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Stan Rice, who died in December 2002, was a poet of unique, uncompromising vision. Joy and brutality, faith and faithlessness, the beauty of truth and, at times, of untruth-these opposing forces come together one last time in his final book of poetry, a haunting collection of psalms. Beginning with his "Psalm 151"-that is, taking up where the Bible leaves off-Rice calls us to his own kind of prayer and contemplation. "Lord, hear me out," he begins. "At the point of our need / The storehouse shares its shambles. " An elegant, passionate, tragic lament for our condition, Rice's homemade psalms exhort us indirectly to accept our fate-the world as it is. In the brave, unshrinking manner that has characterized his whole career, Rice has written a profound farewell. From the Hardcover edition.
"Behold the door / the lock's alive," warns Stan Rice in one of the commanding poems that make up this new volume of verse. From the streets of New Orleans during Mardi Gras to the private chambers of the imagination, Rice's work is at times sharp and minimalist and at times over the top in its vivid critique of life and in its regard for the sanctity that lurks in all experience. In these concise, memorable verses, he contemplates the stroller-pushing crowd in the American mall; he maps the complex traffic of a marriage; he speaks to the cat bristling in the closet: "--for you, / For your on-tiptoe hissing / Slit-pupiled arched-backed tail- / Stiffened terror, this song." Throughout, Rice sings of the darkness that conflicts us and of the moments of pure consciousness that allow us to transcend darkness.From the Hardcover edition.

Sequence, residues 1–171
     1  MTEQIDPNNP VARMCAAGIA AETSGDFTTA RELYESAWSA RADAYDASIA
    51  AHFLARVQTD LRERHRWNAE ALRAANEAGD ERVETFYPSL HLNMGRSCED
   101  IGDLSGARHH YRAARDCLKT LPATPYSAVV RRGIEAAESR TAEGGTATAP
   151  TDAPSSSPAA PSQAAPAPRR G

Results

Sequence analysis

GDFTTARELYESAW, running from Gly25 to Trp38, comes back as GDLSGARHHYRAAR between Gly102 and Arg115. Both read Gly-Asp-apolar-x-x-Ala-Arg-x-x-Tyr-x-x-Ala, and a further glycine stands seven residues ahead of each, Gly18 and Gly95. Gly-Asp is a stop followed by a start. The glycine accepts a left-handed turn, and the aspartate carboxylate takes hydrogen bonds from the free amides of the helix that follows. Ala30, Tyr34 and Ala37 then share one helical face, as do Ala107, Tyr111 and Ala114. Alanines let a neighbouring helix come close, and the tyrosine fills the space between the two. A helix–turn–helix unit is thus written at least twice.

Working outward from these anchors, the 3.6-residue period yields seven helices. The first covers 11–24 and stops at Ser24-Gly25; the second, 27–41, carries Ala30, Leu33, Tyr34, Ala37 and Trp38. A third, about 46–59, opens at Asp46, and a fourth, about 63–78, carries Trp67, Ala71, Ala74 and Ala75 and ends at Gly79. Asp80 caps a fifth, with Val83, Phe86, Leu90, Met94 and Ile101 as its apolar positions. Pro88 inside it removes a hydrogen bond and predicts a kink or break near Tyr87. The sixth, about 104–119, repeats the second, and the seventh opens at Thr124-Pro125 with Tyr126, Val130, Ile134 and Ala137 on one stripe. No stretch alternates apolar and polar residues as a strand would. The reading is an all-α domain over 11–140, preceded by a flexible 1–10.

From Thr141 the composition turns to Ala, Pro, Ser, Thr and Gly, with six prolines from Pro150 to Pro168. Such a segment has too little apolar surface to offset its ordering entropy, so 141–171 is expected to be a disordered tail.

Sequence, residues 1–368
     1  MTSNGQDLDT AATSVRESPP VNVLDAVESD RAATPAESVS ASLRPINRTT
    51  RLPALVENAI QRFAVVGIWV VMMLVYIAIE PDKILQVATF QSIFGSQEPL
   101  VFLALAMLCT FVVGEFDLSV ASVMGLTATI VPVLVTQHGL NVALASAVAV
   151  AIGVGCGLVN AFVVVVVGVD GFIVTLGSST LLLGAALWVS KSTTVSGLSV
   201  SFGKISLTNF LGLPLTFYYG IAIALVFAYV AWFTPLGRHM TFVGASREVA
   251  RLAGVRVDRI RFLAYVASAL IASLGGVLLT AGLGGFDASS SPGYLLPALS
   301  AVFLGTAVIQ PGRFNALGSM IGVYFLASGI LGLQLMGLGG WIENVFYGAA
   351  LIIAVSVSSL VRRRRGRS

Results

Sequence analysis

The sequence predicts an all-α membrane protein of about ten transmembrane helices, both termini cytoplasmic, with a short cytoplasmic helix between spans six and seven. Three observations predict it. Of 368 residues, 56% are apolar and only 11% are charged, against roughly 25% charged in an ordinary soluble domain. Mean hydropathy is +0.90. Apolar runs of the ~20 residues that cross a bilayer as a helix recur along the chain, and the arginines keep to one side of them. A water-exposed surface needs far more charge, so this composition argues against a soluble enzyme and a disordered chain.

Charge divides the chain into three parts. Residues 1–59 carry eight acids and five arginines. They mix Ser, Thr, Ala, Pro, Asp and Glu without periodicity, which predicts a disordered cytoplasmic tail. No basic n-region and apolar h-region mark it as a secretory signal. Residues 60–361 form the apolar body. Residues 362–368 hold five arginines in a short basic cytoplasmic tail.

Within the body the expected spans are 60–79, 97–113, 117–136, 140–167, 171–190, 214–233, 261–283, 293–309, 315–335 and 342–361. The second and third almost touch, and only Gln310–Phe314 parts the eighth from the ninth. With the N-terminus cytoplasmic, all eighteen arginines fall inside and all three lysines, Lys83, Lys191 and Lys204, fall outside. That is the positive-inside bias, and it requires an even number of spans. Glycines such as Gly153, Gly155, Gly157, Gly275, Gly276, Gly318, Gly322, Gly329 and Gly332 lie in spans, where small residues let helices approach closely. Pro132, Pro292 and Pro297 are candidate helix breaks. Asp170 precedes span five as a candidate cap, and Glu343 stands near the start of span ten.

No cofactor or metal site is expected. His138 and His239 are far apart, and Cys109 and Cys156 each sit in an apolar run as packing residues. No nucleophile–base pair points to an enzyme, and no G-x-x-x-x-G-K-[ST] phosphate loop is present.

In these concise, memorable verses, Stan Rice contemplates the stroller-pushing crowd in the American mall; he maps the complex traffic of a marriage; he speaks to the cat bristling in the closet and throughout, Rice sings of the darkness that conflicts us and of the moments of pure consciousness that allow us to transcend darkness.
"There are so many profound and finely constructed poems in Singing Yet (like the Whitmanesque 'America the Beautiful' in which the poet pledges allegiance 'this time to the vivification of our lost Body Politic,/ nerves and follicles and arteries/ ablaze in the suaveness of night') that it is impossible to cover even a fourth of this collection... As a volume of selected poems... it stands a monument to the trust of the poet's own life and writings." Dave Oliphant, Texas Observer "The new and selected poems in Stan Rice's Singing Yet forcefully resist categorization. They are not shaped or mannered to fit in anybody's idea of a school of poetry, and yet they are equally uninterested in being ingratiating to the reader who is ignorant of contemporary poetry... the new work contains Rice's most completely realized poems, small masterpieces like 'I Called the Cow' and 'The Madness of Chance,' chancey but absorbing autobiographical rambles like 'Time in Tool,' and a dozen black comic riffs." Ralph Adamo, New Orleans Times-Picayune "Although Rice's first book in nine years includes work from three earlier volumes, it also stands as a whole... he affirms the physicality of language and flesh, the 'doctrine of perception as animal things defined.' And through affirmation, he acquires compassion and tenderness. This is serious stuff, urgent and original." Publisher's Weekly
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